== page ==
It used to be called “”co-opetition,”” but it’s really just smart planning.
This week, Sun Microsystems decided to go along with IBM, Microsoft and VeriSign by supporting the Web Services Security (WS-Security) standard. Sun joined the party after the spec was submitted to the Organization for
the Advancement of Structured Information Standards (OASIS), which promotes other standards such as extensible markup language (XML) and standard generalized markup language (SGML). The transfer to a less-partisan organization, along with royalty-free licensing, apparently won Sun (and other companies) over to the cause.
Just over two months old, WS-Security encrypts information and maintains its confidentiality when shared among companies over the Web. It’s a joint IBM and Microsoft effort and works within the simple object access protocol (SOAP).
The announcement may not be earth-shattering news, but it is a step forward in making good on the promise of Web service interoperability.
First, there’s no way solely proprietary technologies can offer the level of compatibility needed for enterprise-level transactions on the Web.
Second, security is crucial to making Web services work.
On both points, greater co-operation among vendors is a good thing.
Of course, there’s a lot of politicking going on, and it’s about as complicated as the technology itself. Sun execs have fretted about IBM and Microsoft possibly charging royalties for the use of their Web services technologies. At the same time, Sun has also been cosying up to the Web Services Interoperability (WS-I) Organization, trying to gain the same status as founding members Microsoft and IBM. Also, last month, evidence from the ongoing Microsoft antitrust trial revealed possible attempts to curtail Sun’s involvement in the WS-I by none other than Bill Gates and co.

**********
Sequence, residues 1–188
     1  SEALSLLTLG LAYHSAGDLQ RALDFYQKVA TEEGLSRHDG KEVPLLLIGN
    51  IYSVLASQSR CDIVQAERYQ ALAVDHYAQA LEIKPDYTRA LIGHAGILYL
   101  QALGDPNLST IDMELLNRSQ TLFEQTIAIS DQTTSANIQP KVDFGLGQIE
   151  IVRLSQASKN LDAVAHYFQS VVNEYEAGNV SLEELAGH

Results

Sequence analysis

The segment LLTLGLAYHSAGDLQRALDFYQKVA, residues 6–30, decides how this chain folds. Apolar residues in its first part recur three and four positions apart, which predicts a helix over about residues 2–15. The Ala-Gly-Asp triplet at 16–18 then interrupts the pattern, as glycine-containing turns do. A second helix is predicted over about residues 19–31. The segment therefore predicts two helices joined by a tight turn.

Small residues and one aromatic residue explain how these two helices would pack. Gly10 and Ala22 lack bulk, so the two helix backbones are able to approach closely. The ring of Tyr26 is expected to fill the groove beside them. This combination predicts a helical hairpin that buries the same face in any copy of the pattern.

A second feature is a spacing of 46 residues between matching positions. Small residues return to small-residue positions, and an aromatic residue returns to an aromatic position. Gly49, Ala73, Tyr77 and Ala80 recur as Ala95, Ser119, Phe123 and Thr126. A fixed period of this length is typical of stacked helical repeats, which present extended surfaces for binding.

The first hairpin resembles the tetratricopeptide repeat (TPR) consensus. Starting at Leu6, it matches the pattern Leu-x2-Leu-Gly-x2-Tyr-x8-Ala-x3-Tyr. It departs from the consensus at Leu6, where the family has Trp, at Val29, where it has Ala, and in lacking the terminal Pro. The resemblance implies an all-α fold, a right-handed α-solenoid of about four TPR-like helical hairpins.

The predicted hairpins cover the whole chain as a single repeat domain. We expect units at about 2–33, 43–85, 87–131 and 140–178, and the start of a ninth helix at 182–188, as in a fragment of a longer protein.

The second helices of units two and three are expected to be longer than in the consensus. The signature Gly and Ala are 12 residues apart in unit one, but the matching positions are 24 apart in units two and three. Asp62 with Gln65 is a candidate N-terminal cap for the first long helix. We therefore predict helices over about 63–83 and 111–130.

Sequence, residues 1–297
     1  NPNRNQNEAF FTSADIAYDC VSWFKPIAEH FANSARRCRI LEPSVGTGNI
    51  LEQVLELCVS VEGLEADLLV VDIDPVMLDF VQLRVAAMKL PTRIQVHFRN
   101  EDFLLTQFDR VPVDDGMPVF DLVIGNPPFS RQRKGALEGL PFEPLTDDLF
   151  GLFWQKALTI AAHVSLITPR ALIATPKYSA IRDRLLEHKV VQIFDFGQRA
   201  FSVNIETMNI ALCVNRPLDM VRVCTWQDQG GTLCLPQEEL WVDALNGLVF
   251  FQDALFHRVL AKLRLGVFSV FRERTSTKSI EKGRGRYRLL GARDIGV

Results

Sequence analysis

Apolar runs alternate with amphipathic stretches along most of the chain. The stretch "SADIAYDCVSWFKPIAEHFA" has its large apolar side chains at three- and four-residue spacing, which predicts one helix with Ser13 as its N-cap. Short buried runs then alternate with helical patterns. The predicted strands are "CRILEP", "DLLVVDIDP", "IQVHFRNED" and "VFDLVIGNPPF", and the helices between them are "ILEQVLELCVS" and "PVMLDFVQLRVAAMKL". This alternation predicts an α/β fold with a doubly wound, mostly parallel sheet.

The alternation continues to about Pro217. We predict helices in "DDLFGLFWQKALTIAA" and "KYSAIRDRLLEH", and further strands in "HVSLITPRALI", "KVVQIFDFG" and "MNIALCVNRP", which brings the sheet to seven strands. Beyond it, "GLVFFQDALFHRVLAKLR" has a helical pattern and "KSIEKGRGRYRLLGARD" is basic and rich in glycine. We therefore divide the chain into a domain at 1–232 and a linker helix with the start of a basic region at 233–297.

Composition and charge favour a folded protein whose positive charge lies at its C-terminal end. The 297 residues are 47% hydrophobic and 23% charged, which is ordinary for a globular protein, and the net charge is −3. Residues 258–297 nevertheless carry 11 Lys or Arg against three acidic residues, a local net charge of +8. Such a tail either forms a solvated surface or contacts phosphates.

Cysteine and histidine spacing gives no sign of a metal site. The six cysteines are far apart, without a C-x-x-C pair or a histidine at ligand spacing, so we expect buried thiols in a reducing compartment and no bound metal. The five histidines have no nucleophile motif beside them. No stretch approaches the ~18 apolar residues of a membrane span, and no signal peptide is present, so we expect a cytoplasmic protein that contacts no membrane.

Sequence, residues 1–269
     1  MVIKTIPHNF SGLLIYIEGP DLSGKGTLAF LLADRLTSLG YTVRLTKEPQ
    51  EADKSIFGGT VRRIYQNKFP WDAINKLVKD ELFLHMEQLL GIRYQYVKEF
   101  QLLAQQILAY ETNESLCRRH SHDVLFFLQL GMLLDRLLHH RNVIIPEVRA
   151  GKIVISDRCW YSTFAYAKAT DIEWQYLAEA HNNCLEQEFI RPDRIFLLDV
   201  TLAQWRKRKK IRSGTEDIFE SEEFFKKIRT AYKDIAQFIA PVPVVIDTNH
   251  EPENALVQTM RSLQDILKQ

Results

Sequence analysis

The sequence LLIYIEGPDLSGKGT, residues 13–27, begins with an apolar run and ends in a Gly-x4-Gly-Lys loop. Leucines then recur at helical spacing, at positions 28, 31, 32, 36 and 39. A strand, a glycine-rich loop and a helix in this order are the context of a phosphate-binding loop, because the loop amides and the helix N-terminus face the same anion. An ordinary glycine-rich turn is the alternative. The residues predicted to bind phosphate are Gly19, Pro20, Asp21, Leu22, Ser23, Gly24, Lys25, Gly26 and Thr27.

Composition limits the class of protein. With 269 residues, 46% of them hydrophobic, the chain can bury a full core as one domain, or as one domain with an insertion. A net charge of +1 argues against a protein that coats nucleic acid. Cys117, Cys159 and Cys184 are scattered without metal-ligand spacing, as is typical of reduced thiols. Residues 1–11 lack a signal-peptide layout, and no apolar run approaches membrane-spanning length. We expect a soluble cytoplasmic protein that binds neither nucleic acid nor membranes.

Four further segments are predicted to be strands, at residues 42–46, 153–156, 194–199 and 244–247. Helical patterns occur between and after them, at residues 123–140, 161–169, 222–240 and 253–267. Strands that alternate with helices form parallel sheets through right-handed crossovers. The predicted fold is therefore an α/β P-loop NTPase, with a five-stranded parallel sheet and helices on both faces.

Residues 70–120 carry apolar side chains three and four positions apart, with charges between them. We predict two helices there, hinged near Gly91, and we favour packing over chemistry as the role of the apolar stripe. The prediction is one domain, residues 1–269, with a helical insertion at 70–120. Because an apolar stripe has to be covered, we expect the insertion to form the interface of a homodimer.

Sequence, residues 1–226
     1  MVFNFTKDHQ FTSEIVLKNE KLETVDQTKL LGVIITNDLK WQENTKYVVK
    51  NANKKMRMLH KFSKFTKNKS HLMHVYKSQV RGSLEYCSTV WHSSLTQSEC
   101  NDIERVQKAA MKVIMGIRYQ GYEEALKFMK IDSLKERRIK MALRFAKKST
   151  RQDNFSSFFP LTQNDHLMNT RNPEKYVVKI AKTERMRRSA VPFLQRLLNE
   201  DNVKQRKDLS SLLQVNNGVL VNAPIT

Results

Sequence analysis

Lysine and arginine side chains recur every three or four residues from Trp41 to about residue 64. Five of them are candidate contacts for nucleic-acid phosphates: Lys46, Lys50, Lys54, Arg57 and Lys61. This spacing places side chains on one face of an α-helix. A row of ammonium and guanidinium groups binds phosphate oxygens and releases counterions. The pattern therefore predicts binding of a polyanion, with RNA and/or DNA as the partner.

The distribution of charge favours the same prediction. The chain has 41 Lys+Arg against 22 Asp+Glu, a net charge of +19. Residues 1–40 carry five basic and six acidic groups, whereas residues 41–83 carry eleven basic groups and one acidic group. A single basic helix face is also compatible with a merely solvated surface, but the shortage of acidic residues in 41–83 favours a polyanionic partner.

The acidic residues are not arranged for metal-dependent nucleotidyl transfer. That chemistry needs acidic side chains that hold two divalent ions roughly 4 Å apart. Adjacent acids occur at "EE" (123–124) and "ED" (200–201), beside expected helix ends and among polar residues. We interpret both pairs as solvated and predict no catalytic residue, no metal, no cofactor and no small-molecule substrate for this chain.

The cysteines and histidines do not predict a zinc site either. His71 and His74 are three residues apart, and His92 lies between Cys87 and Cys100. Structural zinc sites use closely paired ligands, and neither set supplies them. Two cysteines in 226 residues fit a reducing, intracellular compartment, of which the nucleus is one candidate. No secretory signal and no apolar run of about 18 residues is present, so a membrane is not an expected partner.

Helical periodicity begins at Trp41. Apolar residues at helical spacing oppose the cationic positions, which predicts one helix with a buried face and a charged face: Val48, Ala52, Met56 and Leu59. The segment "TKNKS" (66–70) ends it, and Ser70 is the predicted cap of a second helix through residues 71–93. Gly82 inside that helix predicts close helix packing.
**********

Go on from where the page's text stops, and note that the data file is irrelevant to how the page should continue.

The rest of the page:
That’s hardly conducive to building cross-platform, enterprise-level software for Web services. But in spite of all the backstabbing and bickering, it just might work.
If developers are able to keep focused on the big picture (open standards) and not get caught up in short-sighted fights over licensing, Web services may arrive sooner than later. The key here is a shared understanding of the longer-term benefits over more immediate opportunities. Trying to corner the market with your own technology may work for operating systems, but not the Web.
Admittedly, the stakes are high, so it’s not difficult to understand the squabbling. IDC predicts the revenues from combined services, software and hardware generated from the global Web services market will shoot from US$1.6 billion in 2004 to a whopping $34 billion by 2007. That’s a pretty good compound annual growth rate — if the forecast holds true.
The jockeying is far from over, but at least there’s been some improvement. Security is a key factor in making Web services work, as is building broader industry-wide support for open technologies. Putting WS-Security in the hands of OASIS and committing to a royalty-free model helps build trust among vendors. Let’s hope it continues.